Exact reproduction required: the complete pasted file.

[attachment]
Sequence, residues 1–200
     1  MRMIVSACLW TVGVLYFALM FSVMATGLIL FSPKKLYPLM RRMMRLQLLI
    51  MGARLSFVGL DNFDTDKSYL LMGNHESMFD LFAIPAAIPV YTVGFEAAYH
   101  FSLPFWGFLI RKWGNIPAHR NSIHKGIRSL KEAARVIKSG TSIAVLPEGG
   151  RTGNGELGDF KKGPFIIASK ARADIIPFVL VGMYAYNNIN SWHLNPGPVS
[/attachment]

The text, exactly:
Sequence, residues 1–200
     1  MRMIVSACLW TVGVLYFALM FSVMATGLIL FSPKKLYPLM RRMMRLQLLI
    51  MGARLSFVGL DNFDTDKSYL LMGNHESMFD LFAIPAAIPV YTVGFEAAYH
   101  FSLPFWGFLI RKWGNIPAHR NSIHKGIRSL KEAARVIKSG TSIAVLPEGG
   151  RTGNGELGDF KKGPFIIASK ARADIIPFVL VGMYAYNNIN SWHLNPGPVS